Description:A widely used name, Kaylee pulls together something from Kayla and something from Hailey, yet somehow loses something in the process. It has surpassed cousin Kayla on the charts and is one of three girls' names starting with Kthat ranks in the US Top 100.
Origin:German and Swedish
Description:Name with connotations both mystical and tragic, newly popular in Europe. For English speakers, though, this name might be ruined by its homonym ruin.
Origin:Russian feminine variation of Cyrus
Description:Though such cognates of Kira as Keira, Kyra, and Ciara are evermore popular throughout Europe and in the U.S., this Cyrus relative has a different root. Variations include Keera, Kiera, Kierra, Kirah, Kiri, Kiria, Kiriah, Kiro, Kirra, Kirrah, Kirri, Kirya, and Kyra.
Origin:French word name
Meaning:"large claw of a bird of prey"
Description:Despite its somewhat menacing meaning, this name has been widely used in recent years, probably due to the appeal of its trendy on ending.
Origin:Place-name, nature name, or Hebrew
Meaning:"under God's rule"
Description:Exotic and lovely -- and much more distinctive now than Samantha or Tamara. Samara is a city in western Russia, a winged seed like the whirlygigs that fall from maple trees, as well as a bona fide first name that could make a more unusual update on Samantha or Mara.
Origin:Diminutive of Dashiell, meaning unknown
Description:Dash is a nickname that can stand on its own and sounds, well, dashing. Connected these days with Kardashian enterprises.
Description:Many will associate this name with Galen of Pergamon, the second-century physician considered to be the founding father of medicine. A more recent reference is Star Wars character Galen Erso. The name still projects a gentle, scholarly image, while sharing sounds with more popular names like Aiden and Nathan. Bonus: it's also an anagram of Angel.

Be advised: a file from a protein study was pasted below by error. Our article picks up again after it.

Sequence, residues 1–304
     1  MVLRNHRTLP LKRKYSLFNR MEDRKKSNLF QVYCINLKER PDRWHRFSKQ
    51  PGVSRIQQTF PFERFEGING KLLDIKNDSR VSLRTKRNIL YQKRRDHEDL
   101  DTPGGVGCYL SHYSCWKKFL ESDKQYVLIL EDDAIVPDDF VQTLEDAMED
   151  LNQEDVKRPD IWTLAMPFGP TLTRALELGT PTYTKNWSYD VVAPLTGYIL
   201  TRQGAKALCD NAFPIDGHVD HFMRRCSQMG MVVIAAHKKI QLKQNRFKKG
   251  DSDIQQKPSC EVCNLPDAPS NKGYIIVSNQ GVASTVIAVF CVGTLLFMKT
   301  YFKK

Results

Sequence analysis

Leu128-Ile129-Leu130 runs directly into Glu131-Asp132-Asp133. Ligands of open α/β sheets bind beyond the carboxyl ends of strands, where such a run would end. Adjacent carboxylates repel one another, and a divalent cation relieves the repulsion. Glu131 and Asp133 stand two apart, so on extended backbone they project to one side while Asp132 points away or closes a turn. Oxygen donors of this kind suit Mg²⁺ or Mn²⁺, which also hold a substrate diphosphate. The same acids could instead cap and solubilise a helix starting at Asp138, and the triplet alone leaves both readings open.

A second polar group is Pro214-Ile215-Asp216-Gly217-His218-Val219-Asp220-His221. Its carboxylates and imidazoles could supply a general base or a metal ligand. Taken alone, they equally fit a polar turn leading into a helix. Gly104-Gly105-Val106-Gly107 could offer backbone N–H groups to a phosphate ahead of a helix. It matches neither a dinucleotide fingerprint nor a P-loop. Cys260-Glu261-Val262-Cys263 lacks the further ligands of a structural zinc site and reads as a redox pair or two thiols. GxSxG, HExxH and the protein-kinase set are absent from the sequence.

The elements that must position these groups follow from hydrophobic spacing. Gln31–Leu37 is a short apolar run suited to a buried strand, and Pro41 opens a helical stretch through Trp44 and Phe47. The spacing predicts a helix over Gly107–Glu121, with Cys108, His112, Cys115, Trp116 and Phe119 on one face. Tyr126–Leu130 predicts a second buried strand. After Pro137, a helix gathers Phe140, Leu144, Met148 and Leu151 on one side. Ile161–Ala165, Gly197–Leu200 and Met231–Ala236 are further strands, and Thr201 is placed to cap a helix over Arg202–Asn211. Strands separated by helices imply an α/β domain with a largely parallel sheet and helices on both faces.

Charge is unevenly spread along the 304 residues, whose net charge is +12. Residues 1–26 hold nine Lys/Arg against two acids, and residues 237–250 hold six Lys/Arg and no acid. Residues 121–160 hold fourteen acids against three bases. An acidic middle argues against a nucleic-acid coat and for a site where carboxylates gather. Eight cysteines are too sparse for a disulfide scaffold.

Meaning:"water lily, lotus"
Description:Though in Japan the lotus is the Buddhist symbol of purity and perfection, most Westerners would prefer Wren.
Origin:Variation of Kyle
Description:Kylo Ren is the villain played by Adam Driver in the seventh Star Wars movie, released in December 2015. The original Kyle has sparked many variations, including Kylie and Kyler. Kylo, which takes on the fashionable o ending, is sure to follow for those who don't mind crossing to the dark side. It debuted on the US Top 1000 in 2016 -- and indeed, was the year's fastest rising boys' name.
Origin:Spelling variation of Leya
Description:This spelling variation of Leya was popularized by the Star Wars films, but is still firmly in the US Top 1000 many years later. This spelling is also probably preferred as it is clearer in pronunciation to the original Hindi name, Leya (which sometime gets pronounced Lee-ah).
Origin:From Italian word brio meaning "vigour, liveliness"
Description:Sweet but spirited name.
Description:Stately Gaius (pronounced GUY-us) was in the name of many ancient Romans, including Julius Caesar. Little-used before the year 2000, it now feels like a fresh possibility in the revival of Latin boys' names like Atticus and Cassius. Caius and derivatives like Caio come from the same root. You could also see Gaius as a male version of the earth-goddess name Gaia.
Origin:French "king,"; Celtic "red-haired"
Description:We've seen Ray regain his cool, but could this country/cowboy name epitomized by Roy Rogers (born Leonard Slye), Acuff, and Clark, do the same?
Roy came into use in the late nineteenth century, probably influenced by the main character of Sir Walter Scott's novel Rob Roy, in which the historical character Robert M'ac Gregor is nicknamed Roy for his red hair.
There have been lots of notable non-country namesakes, including baseball's Roy Campanella, humorist Roy Blunt, Jr., Walt's brother and partner Roy Disney, singer Roy Orbison and pop artist Roy Lichtenstein. Roy Hobbs was the protagonist of the Malamud novel The Natural, played in the film by Robert Redford.
Description:Trinity bounded up the charts after the release of The Matrix, whose heroine was named Trinity. Country singer Trace Adkins used it for his daughter.
Origin:Feminine variation of Joel, Hebrew
Meaning:"Jehovah is his God"
Description:Joel is one of those boys’ names that's never been super-popular yet has never been UNpopular either -- it's been in the Top 400 in the US since we started keeping statistics in 1880. So it's inevitable that its female form Joelle would gain visibility too, and indeed Joelle was used most widely during Joel's reign in the Top 100, from the late 1960s through the early 1990s.